Back to School

Terp Ba Derp

Back to School

Back to School

Summer is officially over. It may not feel that way outside, but kids are back to school this week and the daylight hours are dwindling.  All that free time at home and extra hours playing outside are over, for you and for your dog.  As the school year routine kicks into full gear, it is important to remember that this is a big change for your dog, as well, especially for new dogs that have not gone through this with you before.  As the thermostat begins to fall and the humidity finally ebbs, your dog may actually have more energy now than in the heat of summer, just as you have less time to burn.

There are a few things to keep in mind as you get ready for the new school year. One of the most important is to know that dogs can suffer from depression and anxiety, and often demonstrate these issues through improper behavior.  Depression often manifests in listlessness, cowering and not wanting to play, while anxiety can lead to destructive behavior, house soiling and vocalization.  Both of these can be stressful for you and for your dog.  In order to avoid this type of behavior and emotion, you can set up a routine for you dog (remember last week’s blog on rituals? to help them adjust to the new changes.

Over the summer your dog may have gotten used to sleeping in a little bit, sporadic exercise throughout the day, and long evenings in the yard or walking around town.  To combat the new earlier schedule and increased time alone, plan to help your dog get some energy out before you leave for the day.  Go for a morning walk or assign a kid to fetch duty before school.  If your dog is going to be crated for longer periods of time, consider daycare or a dog walker to break up the monotony of the day.  You can also set your dog up for success by giving them something to occupy their time and get out some nerves. Puzzle toys and frozen kongs© are great ideas for that. Remember that leaving and coming home can become ritualized and potentially stress inducing if you make a big deal about it. If it seems like a big deal to you, you can bet your dog will think it should be a big deal to them too.  Keep exits and entrances calm, maybe even begin a new game of fetch the toy when you come home so that your dog is not getting rewarded by jumping all over you to greet but by running away and returning with something fun.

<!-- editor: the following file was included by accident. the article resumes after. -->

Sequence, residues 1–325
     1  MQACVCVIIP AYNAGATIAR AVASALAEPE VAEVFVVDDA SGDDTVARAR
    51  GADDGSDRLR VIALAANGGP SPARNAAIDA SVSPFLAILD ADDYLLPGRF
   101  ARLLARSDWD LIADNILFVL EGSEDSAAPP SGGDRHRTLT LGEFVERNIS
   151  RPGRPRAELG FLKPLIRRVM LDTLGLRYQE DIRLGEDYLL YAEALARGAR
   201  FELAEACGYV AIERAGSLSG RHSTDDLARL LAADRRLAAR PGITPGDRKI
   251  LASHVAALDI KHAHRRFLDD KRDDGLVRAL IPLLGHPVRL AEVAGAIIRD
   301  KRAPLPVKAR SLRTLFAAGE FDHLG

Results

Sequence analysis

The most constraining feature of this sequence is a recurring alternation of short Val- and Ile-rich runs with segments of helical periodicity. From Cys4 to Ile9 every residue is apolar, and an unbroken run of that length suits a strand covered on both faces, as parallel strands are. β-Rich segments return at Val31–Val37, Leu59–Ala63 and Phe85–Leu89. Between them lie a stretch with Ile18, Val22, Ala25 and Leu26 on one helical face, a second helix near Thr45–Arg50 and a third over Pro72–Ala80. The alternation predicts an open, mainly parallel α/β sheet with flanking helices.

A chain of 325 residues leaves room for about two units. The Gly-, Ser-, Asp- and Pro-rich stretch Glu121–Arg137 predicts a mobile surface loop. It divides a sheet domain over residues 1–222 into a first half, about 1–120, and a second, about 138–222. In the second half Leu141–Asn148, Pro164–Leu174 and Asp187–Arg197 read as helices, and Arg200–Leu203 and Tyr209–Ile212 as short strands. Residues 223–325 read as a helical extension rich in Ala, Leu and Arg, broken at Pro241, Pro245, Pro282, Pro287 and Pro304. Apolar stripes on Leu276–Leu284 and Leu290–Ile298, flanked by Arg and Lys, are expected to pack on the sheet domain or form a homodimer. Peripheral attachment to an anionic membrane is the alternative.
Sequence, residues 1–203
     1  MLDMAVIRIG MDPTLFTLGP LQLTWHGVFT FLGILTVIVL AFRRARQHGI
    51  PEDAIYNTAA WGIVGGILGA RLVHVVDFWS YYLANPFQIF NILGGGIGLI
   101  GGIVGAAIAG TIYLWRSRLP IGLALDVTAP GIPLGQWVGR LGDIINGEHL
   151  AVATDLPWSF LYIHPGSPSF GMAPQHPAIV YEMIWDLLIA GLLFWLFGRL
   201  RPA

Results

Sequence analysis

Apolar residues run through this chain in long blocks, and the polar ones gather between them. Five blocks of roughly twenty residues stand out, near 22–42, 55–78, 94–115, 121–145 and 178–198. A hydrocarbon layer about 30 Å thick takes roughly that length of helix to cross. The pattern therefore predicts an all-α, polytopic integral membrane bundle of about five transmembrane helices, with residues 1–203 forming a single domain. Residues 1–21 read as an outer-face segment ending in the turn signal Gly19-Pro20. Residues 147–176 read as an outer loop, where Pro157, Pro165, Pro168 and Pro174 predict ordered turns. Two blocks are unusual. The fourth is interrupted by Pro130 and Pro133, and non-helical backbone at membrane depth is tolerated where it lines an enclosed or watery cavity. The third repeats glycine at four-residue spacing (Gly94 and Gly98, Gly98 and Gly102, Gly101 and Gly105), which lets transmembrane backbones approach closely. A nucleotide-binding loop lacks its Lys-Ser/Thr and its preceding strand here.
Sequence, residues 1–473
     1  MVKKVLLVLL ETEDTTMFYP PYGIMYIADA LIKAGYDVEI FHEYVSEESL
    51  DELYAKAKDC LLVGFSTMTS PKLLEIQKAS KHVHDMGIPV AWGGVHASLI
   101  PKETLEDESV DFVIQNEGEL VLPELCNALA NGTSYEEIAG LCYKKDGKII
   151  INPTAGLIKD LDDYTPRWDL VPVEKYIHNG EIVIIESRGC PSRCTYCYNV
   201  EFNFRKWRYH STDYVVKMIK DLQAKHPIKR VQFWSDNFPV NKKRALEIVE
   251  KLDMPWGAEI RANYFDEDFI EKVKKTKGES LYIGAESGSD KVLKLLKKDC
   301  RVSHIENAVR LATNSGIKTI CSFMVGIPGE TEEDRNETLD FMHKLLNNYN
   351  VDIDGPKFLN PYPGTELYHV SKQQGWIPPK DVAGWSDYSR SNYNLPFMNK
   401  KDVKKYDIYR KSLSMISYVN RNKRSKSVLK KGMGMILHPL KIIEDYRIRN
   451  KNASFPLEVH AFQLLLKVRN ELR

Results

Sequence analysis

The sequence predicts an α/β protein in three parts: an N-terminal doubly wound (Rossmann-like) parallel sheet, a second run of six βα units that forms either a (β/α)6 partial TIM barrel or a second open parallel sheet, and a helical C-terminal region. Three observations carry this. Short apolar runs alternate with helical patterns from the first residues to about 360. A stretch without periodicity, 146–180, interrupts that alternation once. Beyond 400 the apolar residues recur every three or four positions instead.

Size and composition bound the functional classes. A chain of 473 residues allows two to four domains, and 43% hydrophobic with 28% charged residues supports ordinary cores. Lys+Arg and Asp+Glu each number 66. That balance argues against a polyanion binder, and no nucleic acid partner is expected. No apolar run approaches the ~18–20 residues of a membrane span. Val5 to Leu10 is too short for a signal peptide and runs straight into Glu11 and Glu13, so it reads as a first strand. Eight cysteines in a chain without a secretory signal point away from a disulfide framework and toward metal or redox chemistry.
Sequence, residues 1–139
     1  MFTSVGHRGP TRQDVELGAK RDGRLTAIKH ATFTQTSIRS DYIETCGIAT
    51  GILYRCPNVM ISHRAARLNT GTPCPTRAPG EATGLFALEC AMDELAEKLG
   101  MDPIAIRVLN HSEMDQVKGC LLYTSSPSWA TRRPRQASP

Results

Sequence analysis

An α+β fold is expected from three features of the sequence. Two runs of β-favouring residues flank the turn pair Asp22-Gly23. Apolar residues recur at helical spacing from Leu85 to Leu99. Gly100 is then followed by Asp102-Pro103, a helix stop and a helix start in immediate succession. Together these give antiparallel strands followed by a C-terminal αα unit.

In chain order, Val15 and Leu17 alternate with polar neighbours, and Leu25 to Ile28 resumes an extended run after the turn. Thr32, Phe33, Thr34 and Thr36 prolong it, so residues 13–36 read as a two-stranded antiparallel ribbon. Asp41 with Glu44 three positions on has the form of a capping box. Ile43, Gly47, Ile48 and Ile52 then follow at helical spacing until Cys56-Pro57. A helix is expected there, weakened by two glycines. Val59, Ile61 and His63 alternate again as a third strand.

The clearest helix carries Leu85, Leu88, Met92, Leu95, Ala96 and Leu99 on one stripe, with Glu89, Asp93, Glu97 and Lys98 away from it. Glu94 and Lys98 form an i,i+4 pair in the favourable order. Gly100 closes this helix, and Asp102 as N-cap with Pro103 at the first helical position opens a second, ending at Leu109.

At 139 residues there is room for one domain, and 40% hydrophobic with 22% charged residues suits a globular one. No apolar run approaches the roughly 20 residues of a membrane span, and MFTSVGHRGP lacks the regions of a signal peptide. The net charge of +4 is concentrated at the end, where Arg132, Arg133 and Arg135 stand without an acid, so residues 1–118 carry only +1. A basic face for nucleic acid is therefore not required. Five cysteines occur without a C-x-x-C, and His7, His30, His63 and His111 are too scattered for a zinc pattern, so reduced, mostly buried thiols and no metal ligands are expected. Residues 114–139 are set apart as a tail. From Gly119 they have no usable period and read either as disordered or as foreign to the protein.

It’s important to remember that while you have had a long day and the kids may have homework or afternoon activities to attend to, your dog has not done much during the day.  While it may seem a nuisance to deal with between dinner prep, evening obligations, etc., your dog needs extra attention when you are home to make up for the time when you weren’t during the day.  This is a good time to begin a pattern of play or walks followed by an independent activity like chewing or foraging.  You may notice a theme here with chews and puzzle toys at this point.  They are awesome!  In fact feeding your dog out of a bowl is a waste of time. They eat quickly then they are bored again.  Feeding some or all of your dog’s meal in a toy keeps them engaged and active while you can focus on other tasks secure in the knowledge that your dog is not feeling neglected.

Back to school for you can also be a good time for your dog to get back to the basics.  Training has infinite benefits for you and your dog and can be a great way to stimulate their mind when it is not nice enough out to stimulate their body.  The end of summer brings on changes for everyone, some welcome and some less anticipated, but with a little bit of forethought you can help your dog adjust to their new routine.

Happy Training!


Tamar Paltin

Head Trainer- Perfect Pooch